HH: To an extent, that’s where inner drive comes in – it keeps you going. But also when you have goals, [they] help you get through those rough days; they pull you through.
DM: What is the biggest challenge you have faced in your career thus far?
HH: I’d say probably when I started swimming competitively, the biggest thing was funds. Now, the biggest challenge would be a sufficient 50m pool training.
DM: Swimming must take up a lot of your time? What do you when you’re not training?
HH: I’m still studying, so I have to do that. But, if I’m not sleeping at home or training, I’m usually listening to music or reading. I read a lot.
DM: What are you looking forward to most at the Olympics?
HH: We’re going to be travelling quite a lot, so I’m looking forward to that. I’m also looking forward to the “bigness” of it all, the excitement around it and being able to compete against the best in the world, and to see where you [rank] in the world.
DM: What is your ultimate goal for the Olympics?
HH: My first goal is just to improve my personal best times, especially in the 1500m. I know if I can do that, then I should get a good position.
DM: What are your post-Olympics plans and goals?
HH: I don’t know. The past 21 years of my life culminates in 8 weeks time, so, I haven’t really given a lot of thought about what I’m going to do afterwards. But, I’ll focus on my studies a bit.
DM: It has been reported that the team will have a two week training camp in Monaco, any comment on that?
HH: I don’t know the exact details. I pretty much know what you know and what I read in the newspaper. But I think it’s going to be pretty awesome. I’m pretty excited for that.
DM: What advice do you have for ordinary swimmers and aspiring champions?
HH: The advice I always give is the thing that’s helped me get where I am: put in the hard work. That’s the most important thing, I think.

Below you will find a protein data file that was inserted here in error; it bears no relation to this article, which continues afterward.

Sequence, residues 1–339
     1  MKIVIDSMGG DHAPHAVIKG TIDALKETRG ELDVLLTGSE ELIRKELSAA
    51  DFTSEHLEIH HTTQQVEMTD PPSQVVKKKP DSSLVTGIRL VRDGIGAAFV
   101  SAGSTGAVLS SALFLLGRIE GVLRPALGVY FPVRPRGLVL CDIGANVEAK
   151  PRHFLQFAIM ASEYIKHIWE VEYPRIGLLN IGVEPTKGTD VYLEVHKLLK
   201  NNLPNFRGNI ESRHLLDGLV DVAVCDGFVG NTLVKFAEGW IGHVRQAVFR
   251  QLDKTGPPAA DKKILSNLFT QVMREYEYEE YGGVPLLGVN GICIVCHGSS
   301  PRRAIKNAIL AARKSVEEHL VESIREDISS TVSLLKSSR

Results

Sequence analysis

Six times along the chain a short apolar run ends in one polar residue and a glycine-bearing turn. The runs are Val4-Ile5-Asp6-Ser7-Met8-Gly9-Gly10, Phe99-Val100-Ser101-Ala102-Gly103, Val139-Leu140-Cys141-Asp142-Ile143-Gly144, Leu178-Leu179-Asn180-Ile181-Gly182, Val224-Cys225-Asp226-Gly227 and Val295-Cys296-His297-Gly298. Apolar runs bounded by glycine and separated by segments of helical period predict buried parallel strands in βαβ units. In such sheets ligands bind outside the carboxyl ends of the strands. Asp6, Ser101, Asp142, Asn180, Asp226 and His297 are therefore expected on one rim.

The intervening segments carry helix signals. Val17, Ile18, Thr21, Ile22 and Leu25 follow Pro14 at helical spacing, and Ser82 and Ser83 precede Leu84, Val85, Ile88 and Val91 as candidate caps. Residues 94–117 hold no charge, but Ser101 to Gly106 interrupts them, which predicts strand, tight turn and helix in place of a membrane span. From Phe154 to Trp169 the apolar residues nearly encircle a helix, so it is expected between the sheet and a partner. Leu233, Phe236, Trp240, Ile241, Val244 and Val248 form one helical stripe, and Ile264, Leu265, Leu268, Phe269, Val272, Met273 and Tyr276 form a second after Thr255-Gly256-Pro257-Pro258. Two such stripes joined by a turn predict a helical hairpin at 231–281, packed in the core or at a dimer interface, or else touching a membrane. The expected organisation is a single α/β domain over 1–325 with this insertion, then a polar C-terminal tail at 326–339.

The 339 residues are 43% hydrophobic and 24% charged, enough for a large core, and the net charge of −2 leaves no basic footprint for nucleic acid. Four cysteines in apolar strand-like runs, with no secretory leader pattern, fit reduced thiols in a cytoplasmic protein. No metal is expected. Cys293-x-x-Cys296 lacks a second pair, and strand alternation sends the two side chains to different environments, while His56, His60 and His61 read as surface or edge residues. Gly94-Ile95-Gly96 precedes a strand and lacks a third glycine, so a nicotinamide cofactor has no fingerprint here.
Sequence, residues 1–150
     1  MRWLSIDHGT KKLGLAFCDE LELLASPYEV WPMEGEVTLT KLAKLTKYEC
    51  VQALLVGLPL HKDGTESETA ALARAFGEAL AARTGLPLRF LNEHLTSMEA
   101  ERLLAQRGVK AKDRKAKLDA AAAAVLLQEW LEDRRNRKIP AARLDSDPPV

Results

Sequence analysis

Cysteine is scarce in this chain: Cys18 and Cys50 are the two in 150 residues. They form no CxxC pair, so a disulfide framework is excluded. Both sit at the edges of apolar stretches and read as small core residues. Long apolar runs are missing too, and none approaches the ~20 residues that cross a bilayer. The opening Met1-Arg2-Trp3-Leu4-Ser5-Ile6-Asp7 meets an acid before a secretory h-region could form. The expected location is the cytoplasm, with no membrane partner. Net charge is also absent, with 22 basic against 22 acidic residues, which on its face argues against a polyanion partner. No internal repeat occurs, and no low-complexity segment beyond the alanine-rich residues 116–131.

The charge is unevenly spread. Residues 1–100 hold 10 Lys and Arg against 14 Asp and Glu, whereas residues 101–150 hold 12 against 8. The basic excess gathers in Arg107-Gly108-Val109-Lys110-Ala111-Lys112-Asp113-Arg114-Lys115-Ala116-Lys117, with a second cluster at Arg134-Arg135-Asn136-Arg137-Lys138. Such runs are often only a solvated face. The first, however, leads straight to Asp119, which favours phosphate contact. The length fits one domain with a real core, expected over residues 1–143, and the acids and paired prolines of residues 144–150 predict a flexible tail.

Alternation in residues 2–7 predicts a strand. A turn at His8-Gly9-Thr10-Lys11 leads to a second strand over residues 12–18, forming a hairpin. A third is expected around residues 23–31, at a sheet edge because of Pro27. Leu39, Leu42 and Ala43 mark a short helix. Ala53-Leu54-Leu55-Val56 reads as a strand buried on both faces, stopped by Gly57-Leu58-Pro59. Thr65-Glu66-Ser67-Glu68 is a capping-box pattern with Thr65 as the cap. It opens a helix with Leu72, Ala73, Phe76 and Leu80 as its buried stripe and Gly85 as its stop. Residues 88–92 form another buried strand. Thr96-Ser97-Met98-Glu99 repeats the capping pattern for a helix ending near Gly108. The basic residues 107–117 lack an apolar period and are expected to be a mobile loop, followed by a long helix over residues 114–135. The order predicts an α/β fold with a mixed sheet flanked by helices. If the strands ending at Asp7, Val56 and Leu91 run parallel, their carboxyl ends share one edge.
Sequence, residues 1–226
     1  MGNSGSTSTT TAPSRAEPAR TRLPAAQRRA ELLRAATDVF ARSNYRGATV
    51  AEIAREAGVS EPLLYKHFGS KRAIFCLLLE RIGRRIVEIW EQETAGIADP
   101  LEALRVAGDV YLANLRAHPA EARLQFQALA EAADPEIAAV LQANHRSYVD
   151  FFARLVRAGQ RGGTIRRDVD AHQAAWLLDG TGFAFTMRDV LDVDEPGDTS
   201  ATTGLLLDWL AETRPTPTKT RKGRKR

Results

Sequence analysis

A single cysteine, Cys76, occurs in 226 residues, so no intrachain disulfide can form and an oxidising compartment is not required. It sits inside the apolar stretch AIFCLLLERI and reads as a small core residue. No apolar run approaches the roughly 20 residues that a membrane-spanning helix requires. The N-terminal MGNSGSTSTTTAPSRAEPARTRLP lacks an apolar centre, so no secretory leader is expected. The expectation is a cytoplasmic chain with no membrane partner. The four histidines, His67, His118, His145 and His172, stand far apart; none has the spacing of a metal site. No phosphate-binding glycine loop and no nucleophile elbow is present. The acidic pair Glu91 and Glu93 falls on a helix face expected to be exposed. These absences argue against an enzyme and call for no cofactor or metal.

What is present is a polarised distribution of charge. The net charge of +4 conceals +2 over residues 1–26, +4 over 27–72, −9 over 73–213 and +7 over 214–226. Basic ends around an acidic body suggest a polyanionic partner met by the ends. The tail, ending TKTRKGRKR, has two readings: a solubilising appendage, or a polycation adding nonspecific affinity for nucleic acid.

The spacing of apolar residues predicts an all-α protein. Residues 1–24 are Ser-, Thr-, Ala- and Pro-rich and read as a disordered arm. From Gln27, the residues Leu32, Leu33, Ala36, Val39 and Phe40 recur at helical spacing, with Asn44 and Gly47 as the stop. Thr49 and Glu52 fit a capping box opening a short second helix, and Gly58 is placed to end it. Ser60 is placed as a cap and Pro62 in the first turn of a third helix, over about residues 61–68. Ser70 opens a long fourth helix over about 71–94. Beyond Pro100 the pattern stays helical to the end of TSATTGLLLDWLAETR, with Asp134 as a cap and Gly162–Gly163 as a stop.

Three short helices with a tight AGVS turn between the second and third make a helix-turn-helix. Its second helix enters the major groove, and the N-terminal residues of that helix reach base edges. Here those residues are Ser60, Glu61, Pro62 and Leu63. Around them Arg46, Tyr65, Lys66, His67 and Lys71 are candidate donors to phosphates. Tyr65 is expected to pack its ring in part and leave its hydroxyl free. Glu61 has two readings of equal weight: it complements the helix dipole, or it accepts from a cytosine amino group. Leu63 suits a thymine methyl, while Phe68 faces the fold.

DM: Pierre, how long have you been coaching Heerden and when did you see potential in him?
PdR: He started when he was 10.With youngsters, it’s always difficult to pinpoint those that are going to make it one day, [because] they are still developing. I think when Heerden also really realized he’s got a chance to be a world class swimmer, was when he was 14 and broke the senior provincial record in the 800m freestyle. That’s when we started to realize, we don’t know how things could progress, but this is the start of a possible progression to getting to the world class events, like the Common Wealth Games and the Olympics.
DM: In a sport like swimming, you have to put a lot of hours into training and end up competing for only minutes or seconds. How do you keep Heerden focused and dedicated to his training?
PdR: There’s a goal behind everything we do when we practise. So, what I always say to the swimmers is: Everything we do, we do for a reason. They know everything they’re doing is going to make them better. That’s the main drive. You must not waste one second of your training.
DM: What do you hope Heerden achieves at the Olympics?
PdR: In the end it’s Heerden’s goal. I’m there to support him in trying to reach his goals. What I really hope for is that our preparation goes well. He’s put in some really good training. I’d like to see him do his personal best.
The 2012 Olympic Games takes place in London from 27 July to 12 August.
By: Whitney Prins
Photo: Johan Wiid
By: Whitney Prins
Photo: Johan Wiid